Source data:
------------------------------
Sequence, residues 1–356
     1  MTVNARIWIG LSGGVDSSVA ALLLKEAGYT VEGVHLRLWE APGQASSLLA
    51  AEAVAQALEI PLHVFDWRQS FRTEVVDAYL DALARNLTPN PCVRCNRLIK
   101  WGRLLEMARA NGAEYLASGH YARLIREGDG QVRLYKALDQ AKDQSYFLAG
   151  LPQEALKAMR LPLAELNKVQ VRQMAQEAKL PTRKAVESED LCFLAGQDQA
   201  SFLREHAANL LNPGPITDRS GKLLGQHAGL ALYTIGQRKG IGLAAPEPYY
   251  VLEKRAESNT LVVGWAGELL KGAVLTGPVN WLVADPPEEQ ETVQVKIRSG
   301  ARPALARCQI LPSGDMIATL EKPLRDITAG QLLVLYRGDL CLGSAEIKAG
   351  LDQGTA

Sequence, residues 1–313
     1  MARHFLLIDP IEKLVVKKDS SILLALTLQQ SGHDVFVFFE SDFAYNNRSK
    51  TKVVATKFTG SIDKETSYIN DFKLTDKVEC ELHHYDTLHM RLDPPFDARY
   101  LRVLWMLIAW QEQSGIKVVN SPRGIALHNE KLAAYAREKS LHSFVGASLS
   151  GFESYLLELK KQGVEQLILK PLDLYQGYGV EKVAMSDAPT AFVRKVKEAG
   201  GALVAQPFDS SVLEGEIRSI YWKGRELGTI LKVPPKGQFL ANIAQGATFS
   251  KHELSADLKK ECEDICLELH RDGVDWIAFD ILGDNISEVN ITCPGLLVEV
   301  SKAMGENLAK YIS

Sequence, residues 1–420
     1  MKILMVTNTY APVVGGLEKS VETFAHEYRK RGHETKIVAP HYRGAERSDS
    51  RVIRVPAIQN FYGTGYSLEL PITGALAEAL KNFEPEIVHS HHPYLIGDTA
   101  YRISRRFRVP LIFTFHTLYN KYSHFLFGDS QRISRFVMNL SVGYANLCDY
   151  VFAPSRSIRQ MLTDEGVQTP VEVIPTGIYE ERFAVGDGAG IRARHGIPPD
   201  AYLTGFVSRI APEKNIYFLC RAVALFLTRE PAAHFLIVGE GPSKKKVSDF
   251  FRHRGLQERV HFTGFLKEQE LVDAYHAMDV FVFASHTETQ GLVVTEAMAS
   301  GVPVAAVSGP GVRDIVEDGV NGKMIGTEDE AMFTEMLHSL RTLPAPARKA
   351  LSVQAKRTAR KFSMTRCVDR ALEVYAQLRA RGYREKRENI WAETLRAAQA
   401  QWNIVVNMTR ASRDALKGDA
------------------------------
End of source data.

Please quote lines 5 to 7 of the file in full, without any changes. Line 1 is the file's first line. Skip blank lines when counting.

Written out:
   151  LPQEALKAMR LPLAELNKVQ VRQMAQEAKL PTRKAVESED LCFLAGQDQA
   201  SFLREHAANL LNPGPITDRS GKLLGQHAGL ALYTIGQRKG IGLAAPEPYY
   251  VLEKRAESNT LVVGWAGELL KGAVLTGPVN WLVADPPEEQ ETVQVKIRSG